Make sure to also read my post A Guide To Visiting Borghese Gallery.
The beautiful gardens extend out across the Pincio Hill and offer stunning views of the city. This part of the garden is designed with impressive tree-lined walkways and picturesque avenues dotted with busts of famous artists and writers. Make sure to stop off here for a moment to take in the city sights. The balcony offers sweeping views out across the Piazza del Popolo below and across to the dome of St. Peter’s Basilica.
Right by the Pincio Terrace you will also find Casina Valadier, a beautiful liberty villa housing a nice café and a restaurant perfect for a date.
Villa Borghese’s creative fountains were installed between the 17th and early 20th century. Adorned with opulent stuccos and rich decorations, visitors can spot carvings of goddesses and strange mythological beings with jets of water gushing from them. The mystical creations help to make the gardens feel almost otherworldly.
Water from the Peschiera aqueduct feeds the garden’s water features and makes it a verdant oasis in the city. Some of the more iconic fountains to take note of include the Fountain of Venus at the center of a rectangular garden, which depicts a naked Venus carved in marble. Also in marble, the Seahorse Fountain was designed in 1791 by Cristoforo Unterberger and sculpted by Vincenzo Pacetti.
Head over to my post The Most Beautiful Fountains In Rome.
As you explore the winding grounds of the Villa you will notice a number of statues dedicated to artists and writers. These busts were mostly added between the years of 1851 to 1952 and include prominent figures such as the likes of Dante Alighieri, Horace, and Virgil.
Some of the most notable statues in the park include the statue of Lord Byron. Carved out of Carrara marble, the statue is located in Via della Pineta. This iteration may be a copy of the one by Danish sculptor Bertel Thorvaldsen, but it’s still attractive nonetheless. The writer appears as if waiting for inspiration to strike, holding a pen in one hand and a page in the other.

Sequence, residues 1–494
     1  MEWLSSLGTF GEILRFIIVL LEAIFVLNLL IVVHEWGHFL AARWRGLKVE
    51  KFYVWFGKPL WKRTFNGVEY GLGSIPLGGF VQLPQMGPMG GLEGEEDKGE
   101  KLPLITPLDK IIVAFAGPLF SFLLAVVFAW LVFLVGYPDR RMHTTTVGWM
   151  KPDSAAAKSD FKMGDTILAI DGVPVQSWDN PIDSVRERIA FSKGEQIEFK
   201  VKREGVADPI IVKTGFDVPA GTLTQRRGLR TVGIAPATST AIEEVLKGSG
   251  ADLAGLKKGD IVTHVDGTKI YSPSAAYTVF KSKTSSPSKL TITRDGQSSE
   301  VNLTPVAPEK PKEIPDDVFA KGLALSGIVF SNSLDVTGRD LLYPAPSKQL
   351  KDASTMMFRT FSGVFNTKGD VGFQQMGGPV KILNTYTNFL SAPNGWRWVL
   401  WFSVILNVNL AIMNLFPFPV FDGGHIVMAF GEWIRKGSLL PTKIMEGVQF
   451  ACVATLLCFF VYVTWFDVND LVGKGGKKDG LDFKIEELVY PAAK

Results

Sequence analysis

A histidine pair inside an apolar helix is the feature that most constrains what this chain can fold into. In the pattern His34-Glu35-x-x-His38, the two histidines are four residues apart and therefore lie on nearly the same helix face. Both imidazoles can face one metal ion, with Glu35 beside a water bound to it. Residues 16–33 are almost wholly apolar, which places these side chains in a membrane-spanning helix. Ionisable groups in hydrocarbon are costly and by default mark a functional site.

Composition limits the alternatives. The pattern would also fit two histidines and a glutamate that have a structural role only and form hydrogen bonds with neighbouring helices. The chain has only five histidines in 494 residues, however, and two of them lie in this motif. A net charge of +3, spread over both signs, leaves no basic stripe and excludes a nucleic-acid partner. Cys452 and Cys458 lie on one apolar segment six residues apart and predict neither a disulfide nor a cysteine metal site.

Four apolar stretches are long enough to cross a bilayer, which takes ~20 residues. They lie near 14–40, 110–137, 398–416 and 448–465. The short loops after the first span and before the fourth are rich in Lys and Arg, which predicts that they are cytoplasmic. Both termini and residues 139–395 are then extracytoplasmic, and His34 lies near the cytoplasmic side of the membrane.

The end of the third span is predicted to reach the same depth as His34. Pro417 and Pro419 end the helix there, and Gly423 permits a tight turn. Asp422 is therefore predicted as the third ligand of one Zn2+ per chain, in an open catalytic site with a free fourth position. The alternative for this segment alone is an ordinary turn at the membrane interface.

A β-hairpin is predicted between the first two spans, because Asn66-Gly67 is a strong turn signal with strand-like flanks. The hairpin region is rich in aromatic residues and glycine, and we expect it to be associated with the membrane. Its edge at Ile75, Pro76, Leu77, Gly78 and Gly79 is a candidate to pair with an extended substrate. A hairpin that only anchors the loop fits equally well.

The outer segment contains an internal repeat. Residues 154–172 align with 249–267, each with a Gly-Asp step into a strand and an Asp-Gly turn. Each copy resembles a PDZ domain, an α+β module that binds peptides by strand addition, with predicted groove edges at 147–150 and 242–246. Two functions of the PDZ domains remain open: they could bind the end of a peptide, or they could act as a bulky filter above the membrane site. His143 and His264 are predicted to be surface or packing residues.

The prominent Russian poet and playwright Aleksandr Pushkin is also remembered by a monument. Although he never actually visited Italy, Pushkin wrote about his admiration for the nation in his work; his lasting legacy on the literary world is still evident to this day.
Don’t forget to read my post The Most Famous Statues In Rome.
The Laghetto di Villa Borghese was built in 1766 by landscape designer Jacob Moore. The Villa Borghese pond features an artificial island at its center which is home to the ancient Greek-style Temple of Aesculapius.
However, the pond is not just for gazing at. Many visitors choose to go boating here in order to soak up the natural surroundings of the garden from the water. Rowing boats are available for rental near the pond for a low fare.
Carlo Bilotti Museum
Close to the pond, Carlo Bilotti Museum is an interesting place to visit. You will find the gallery – which hosts exhibits of contemporary art – in the orangeries of the Borghese Family.